Using image analysis software, the number, area, and length density of microvessel in dermal papillae were calculated from the CD34-stained sections. The microvessel density was calculated as number of vessels per unit (mm 2 ) papillary dermal area. Length density of microvessel (mm/mm 2 or mm -1 ) was calculated by superimposition of cycloid grid on vertical sections of skin biopsy [Figure 1].
Figure 1: Photomicrograph showing Immunostaining for CD34 in a case of psoriasis with superimposed cycloid grid for morphometry (LSAB, ×200)

Click here to view

Microvessel length density is defined as length of microvessels per unit dermal area and was calculated as 2I/L, where I refer to the number of intersections and L is total length of test lines. Ratio of microvessel area to the papillary dermal area was also calculated in both the groups included.

Appropriate statistical analysis was performed on the morphometric parameters between the two groups.

   Results Top

On light microscopic evaluation of CD34-stained sections, biopsies from psoriasis showed much greater microvascular staining in the papillary dermis compared to psoriasiform dermatitis [Figure 2].
Figure 2: Photomicrograph demonstrating the dermal vessels in psoriasis (a, LSAB, x200) and psoriasiform dermatitis (b, LSAB ×200)

Click here to view

Morphometric analysis showed that length density of microvessels was significantly higher in psoriasis (3.73±1.45 mm -1 ) compared to psoriasiform lesions (2.99±1.99 mm - 1 , P value 0.03). Microvessel density, i.e., number of vessels per unit dermal area, was also higher in psoriasis (71.28±40.05) than psoriasiform lesions (62.7±32.03), though the difference was not statistically significant. In contrast to these parameters, the ratio of microvessel area to papillary dermal area was similar in psoriasis (0.13±0.07) and psoriasiform lesions (0.14±0.11) [Table 1].
Table 1: Comparative analysis of dermal microvasculature in psoriasis and psoriasiform dermatitis

Click here to view

These three morphometric vascular parameters are depicted in scatter plots [Figure 3]a-c.
Figure 3: (a) Scatter plots of vessel area per unit papillary dermal area; (b) microvessel density; and (c) length density in psoriasis and psoriasiform dermatitis

Click here to view

   Discussion Top

Psoriasis is an autoimmune disease affecting people of all ages, though there is a tendency for onset in early adulthood in patients with genetic transmission. [6] Apart from epidermal changes, skin biopsies from patients with psoriasis demonstrate alterations in papillary dermis such as edema and dilated tortuous capillaries. These dilated capillaries are the source of bleeding points generated by gentle scraping of skin (Auspitz sign). [1] Few ultrastructural studies have shown that dermal capillaries in psoriasis have a wider lumen, bridged fenestrations with edematous areas in endothelial cytoplasm. [2] Some authors have reported that these vascular morphologic changes precede the visible epidermal hyperplasia. [3] These changes also correlate with enhanced cutaneous blood flow, including in the perilesional clinically unaffected skin. [7] It has been proposed that vascular changes in the papillary dermis, including enhanced expression of adhesion molecules, permit leukocyte adhesion and assist in the establishment of inflammatory response. [8]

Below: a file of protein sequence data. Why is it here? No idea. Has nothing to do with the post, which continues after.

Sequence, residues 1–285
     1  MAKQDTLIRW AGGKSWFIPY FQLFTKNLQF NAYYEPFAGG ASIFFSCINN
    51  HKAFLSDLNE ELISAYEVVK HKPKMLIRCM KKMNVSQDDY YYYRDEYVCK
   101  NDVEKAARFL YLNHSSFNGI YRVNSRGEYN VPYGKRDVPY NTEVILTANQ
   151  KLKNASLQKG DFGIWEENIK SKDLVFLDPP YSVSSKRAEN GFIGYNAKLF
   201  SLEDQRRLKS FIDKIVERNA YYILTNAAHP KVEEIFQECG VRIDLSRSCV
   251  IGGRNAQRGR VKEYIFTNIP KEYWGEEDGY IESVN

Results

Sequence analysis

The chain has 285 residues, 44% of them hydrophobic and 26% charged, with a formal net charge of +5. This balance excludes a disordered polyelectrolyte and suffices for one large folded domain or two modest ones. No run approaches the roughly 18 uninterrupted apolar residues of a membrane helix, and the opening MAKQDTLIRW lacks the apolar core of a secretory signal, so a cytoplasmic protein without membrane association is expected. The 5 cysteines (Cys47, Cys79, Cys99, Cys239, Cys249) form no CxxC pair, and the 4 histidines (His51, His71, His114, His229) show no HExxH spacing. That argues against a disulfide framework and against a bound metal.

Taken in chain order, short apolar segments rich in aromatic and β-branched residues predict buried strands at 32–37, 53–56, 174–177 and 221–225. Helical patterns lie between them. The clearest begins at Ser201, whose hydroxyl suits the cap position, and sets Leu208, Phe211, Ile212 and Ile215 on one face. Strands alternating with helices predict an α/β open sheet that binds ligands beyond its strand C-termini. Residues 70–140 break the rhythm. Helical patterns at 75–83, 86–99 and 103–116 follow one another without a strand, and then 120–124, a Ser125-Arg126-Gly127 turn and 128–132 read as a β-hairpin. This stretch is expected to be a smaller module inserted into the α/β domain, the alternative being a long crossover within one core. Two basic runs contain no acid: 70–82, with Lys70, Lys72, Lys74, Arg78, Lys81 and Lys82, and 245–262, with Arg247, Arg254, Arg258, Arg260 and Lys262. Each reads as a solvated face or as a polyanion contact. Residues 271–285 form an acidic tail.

Few earlier studies have evaluated the morphometric characteristics of dermal vessels in psoriatic skin. Barton et al.,

in their study, demonstrated higher endothelial volume and luminal volume in the lesional psoriatic skin compared to uninvolved skin of patients with psoriasis as well as control subjects. The authors suggested that increase in these parameters was partly due to the increase in number of vascular profiles. [4] In another study, computerized image analysis was performed to demonstrate the great degree of expansion of the vascular plexus in papillary dermis. The same study also showed significant endothelial proliferation in the papillary dermis of active psoriatic plaques. [9]

This study aimed at evaluating the vascular changes in psoriasis vis-α-vis psoriasiform dermatitis. This comparison has not been performed in the available literature till date, to the best of our knowledge. We found a significantly higher length density of vessels in psoriasis compared to psoriasiform lesions (P<0.05). Microvessel density was also higher in psoriasis, though the difference did not reach statistical significance. These results indicate that though there is some vascular proliferation in response to inflammation in psoriasiform dermatitis, the tortuosity, and elongation of vessels reflected by length density is significant in psoriatic lesions only. With the advancing automation in diagnosis, these morphometric techniques might assist in differentiation between psoriasis and psoriasiform lesions, especially in early lesions of psoriasis.